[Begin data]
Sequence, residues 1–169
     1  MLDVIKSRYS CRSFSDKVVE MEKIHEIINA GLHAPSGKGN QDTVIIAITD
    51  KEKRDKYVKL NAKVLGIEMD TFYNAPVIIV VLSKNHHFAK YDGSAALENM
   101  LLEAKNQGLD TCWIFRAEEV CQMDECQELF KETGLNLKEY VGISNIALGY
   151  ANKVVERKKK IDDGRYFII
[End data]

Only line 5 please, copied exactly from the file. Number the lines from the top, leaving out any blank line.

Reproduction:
   151  ANKVVERKKK IDDGRYFII